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Wednesday, December 5, 2012

Guest Blogger: Lucy Markham - Using Universal Archetypes in Children’s Literature




Using Universal Archetypes in Children’s Literature

by Lucy Markham 

Archetypes have been used in folklore for centuries to help adults and children alike understand the concepts of good and evil in storytelling. These archetypes are just as effective and important in modern children’s literature as they have been in mythology.

As the holiday season is approaching, there are several valuable lessons that can be learned from the Christmas story found in the Book of Luke. The reason why stories such as the Christmas story are so popular with children is because it presents archetypes such as the hero, the great mother, the devil, and the mentor, all universally recognizable characters that help children quickly relate to a plot line. The Christ child’s mother was said to be the most virtuous and beautiful above all other women, the Angel Gabriel appeared not only to Mary, but also to her fiancĂ© Joseph to provide counsel and instruction to the couple. At the same time, there is a king, truly the representative of evil that is trying to rob all women of the joy of their baby boys.

The story of Christ continues by the baby boy growing up to be the martyr and best known hero of all time. His life is surrounded by characters such as the devil in a representation of being a trickster, a damsel in distress who will be killed without his help. These stories can be worked into your own children’s story to provide clear and recognizable characters. Why do you think so many children’s stories include an evil queen, a virtuous princess, and a knight in shining armor? These are terrific archetypes to help a story move a long and help children learn valuable life lessons of good prevailing over evil and the main characters overcoming triumphs and temptations.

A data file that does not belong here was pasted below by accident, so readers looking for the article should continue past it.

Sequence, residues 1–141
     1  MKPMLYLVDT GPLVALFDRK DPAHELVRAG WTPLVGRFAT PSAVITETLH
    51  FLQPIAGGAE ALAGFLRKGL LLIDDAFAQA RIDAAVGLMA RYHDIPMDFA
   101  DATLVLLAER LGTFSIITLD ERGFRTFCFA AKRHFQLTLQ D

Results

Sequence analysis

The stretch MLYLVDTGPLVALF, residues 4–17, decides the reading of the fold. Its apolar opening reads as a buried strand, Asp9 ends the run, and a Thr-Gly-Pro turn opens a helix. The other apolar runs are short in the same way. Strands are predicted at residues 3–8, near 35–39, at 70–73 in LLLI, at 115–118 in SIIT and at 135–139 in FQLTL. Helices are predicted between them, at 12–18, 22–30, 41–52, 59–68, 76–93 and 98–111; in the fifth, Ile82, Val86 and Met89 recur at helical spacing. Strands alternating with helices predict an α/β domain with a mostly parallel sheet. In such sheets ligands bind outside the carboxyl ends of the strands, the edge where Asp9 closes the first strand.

As you are writing your own children’s story, consider the popular archetypes and how you can create your characters and their traits, flaws, and triumphs to help children dive into the story and understand easily with the familiarity of these universal archetypes.

Lucy Markham has a Bachelor’s Degree in English: creative writing from the University of Florida and worked as an academic and career counselor for three years before pursuing her Master’s degree in Education. She enjoys blogging, taking online classes in creative writing and discovering new books.


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Best wishes,
Donna M. McDine
Award-winning Children's Author
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The Golden Pathway ~ August 2010 ~ Guardian Angel Publishing, Inc.
~ Literary Classics Silver Award and Seal of Approval, Readers Favorite 2012 International Book Awards Honorable Mention and Dan Poynter's Global e-Book Awards Finalist









1 comment:

  1. Thank you for this article. I have often thought about archetypes and their value in children's literature. Ms Markham has given a good, but brief, introduction to the topic. I'm going to dig a little deeper to find other appealing archetypes for children's literature.

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